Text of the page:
Bad faith (article 52(1) under b) CTMR (former)): when one has the intention of undermining, in a manner inconsistent with honest practices, the interests of third parties, or with the intention of obtaining an exclusive right for purposes other than those falling within the functions of a trade mark, in particular the essential function of indicating origin. No requirement that earlier trade mark is registered for the same of similar goods or services. Where at the time of application for the contested mark, third party was using, in at least one Member State, a sign identical with, or similar to that mark, the existence of a likelihood of confusion does not have to be established. The existence a likelihood of confusion is only one relevant factor among other for the existence of bad faith. Where there is an absence of any likelihood of confusion or similarity, other factual circumstances can constitute indicia establishing the bad faith of the applicant. Applicant’s intention needs to be examined at the time that he sought registration of an EU trade mark: General Court should thus have taken account of the applicant’s intention not only in regard to services in Class 39 of the Nice Agreement but also for goods and services in Classes 25 and 35 which corresponded to those in respect of which the appellant had registered the trade marks originally.
On 25 April 2011, intervener filed an application with EUIPO for registration of the sign, illustrated in the left corner, as a European Union trade mark. That registration was sought in respect of goods and services in Classes 25, 35 and 39 (clothing, advertising, transport). The appellant subsequently filed a notice of opposition to that application based on its own earlier figurative marks, (those are almost the same, one is shown on the right). On that basis, the mark was registered only for services in Class 39. After that, the appellant filed an application for a declaration of invalidity on the ground that it was filed in bad faith. That application was rejected by the Cancellation Division and the Board of Appeal dismissed the appeal against the rejection. According to the Board of Appeal, the goods or services for which the earlier trade marks were registered and the services in class 39 were not the same and not similar, so that Article 52(1)(b) of the Trade Mark Regulation could not be applied. The EU General Court dismissed the application. The CJEU sets aside the judgment of the General Court. In this case, the CJEU ruled that there is an application in bad faith when “the proprietor of an EU trade mark has filed the application for registration of that mark not with the aim of engaging fairly in competition but with the intention of undermining, in a manner inconsistent with honest practices, the interests of third parties, or with the intention of obtaining, without even targeting a specific third party, an exclusive right for purposes other than those falling within the functions of a trade mark, in particular the essential function of indicating origin recalled in the previous paragraph of this judgment.” The CJEU then ruled that there is no requirement whatsoever that the applicant for that declaration be the proprietor of an earlier mark for identical or similar goods or services. In the case of identical or similar goods or services, the existence of a likelihood of confusion on the part of the public need not necessarily be established. The existence of a likelihood of confusion is only one relevant factor among other for the existence of bad faith. In the absence of any likelihood of confusion or similarity, other factual circumstances may, depending on the circumstances, constitute relevant and consistent indicia establishing the bad faith of the applicant.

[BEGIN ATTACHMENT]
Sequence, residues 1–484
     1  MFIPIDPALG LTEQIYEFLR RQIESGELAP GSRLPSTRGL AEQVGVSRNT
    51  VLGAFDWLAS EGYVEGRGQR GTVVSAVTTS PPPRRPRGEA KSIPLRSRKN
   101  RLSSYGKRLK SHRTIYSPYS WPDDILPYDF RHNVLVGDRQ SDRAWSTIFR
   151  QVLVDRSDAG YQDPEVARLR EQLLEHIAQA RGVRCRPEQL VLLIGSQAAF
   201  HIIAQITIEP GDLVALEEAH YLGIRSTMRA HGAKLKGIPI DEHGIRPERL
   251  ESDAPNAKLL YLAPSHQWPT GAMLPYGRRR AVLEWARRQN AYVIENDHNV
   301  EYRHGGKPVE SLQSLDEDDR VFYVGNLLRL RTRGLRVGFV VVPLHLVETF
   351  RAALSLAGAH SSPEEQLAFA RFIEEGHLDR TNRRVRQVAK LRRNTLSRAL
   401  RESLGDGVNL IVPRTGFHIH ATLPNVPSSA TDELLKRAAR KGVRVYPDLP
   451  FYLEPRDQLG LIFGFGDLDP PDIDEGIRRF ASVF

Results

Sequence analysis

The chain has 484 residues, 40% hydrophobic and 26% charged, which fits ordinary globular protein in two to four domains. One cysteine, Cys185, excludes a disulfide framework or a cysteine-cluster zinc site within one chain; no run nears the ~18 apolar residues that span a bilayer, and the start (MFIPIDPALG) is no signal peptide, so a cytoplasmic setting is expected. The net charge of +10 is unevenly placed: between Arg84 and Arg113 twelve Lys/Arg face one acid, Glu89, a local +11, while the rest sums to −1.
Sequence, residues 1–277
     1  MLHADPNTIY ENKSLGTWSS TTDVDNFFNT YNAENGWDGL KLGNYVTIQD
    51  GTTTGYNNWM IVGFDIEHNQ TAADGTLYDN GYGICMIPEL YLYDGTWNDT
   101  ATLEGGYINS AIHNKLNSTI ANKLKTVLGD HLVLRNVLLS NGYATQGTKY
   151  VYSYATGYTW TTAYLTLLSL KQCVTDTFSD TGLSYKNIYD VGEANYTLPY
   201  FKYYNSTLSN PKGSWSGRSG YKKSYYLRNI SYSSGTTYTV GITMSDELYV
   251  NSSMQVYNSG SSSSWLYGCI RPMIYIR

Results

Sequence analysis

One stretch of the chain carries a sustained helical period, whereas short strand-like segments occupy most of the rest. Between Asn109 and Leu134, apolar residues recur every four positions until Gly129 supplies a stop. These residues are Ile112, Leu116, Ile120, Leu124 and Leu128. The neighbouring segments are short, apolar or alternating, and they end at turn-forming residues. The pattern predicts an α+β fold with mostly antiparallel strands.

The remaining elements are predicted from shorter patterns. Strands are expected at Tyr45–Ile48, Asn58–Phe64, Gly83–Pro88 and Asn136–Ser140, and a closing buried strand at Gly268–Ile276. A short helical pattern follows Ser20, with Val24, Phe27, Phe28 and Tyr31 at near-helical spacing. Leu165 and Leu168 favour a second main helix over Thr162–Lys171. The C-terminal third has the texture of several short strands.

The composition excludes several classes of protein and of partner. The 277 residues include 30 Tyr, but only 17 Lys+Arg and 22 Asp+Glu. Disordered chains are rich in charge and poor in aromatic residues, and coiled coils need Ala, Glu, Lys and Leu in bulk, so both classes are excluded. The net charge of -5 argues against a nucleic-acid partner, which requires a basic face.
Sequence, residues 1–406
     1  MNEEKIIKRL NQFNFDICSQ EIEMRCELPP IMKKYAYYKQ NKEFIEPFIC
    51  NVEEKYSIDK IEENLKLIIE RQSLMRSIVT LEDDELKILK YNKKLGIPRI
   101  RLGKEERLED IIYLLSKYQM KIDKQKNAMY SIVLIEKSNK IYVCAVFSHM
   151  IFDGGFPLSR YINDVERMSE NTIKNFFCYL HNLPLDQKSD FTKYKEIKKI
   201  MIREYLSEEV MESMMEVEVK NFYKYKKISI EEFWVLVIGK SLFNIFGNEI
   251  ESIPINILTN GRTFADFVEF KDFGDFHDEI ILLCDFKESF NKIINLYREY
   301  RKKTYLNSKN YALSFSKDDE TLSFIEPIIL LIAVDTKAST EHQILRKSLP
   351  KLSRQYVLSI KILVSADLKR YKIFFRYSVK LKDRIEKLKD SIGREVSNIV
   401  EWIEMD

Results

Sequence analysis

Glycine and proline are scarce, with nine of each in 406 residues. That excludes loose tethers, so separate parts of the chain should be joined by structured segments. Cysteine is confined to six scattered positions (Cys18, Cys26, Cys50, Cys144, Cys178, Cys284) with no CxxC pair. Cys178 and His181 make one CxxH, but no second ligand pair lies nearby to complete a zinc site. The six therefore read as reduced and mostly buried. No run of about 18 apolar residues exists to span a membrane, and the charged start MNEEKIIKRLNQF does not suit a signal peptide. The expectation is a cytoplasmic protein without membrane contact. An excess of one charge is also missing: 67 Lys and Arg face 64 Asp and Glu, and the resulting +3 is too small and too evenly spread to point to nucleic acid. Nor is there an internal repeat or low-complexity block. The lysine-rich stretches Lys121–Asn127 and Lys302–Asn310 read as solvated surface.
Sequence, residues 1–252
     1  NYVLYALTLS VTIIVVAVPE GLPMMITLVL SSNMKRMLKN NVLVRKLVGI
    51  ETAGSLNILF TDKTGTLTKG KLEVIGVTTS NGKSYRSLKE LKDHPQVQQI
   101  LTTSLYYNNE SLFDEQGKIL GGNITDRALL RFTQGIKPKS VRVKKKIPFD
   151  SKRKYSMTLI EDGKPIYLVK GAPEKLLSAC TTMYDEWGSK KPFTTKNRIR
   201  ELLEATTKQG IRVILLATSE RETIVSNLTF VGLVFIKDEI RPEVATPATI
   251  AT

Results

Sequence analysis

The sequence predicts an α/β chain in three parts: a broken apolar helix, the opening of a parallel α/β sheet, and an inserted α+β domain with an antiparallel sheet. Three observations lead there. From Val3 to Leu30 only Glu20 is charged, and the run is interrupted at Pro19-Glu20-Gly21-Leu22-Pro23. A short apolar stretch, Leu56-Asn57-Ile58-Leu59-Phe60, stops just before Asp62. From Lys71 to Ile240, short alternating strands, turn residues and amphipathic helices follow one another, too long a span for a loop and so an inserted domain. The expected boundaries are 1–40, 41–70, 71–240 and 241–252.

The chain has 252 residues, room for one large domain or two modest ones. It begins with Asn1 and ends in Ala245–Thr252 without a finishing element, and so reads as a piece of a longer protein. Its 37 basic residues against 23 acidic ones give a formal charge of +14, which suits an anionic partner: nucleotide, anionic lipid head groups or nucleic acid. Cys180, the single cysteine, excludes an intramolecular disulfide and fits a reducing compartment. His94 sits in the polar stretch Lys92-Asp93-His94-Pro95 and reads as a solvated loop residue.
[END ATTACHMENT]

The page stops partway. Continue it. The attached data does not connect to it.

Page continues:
C-104/18P - ECLI:EU:C:2019:724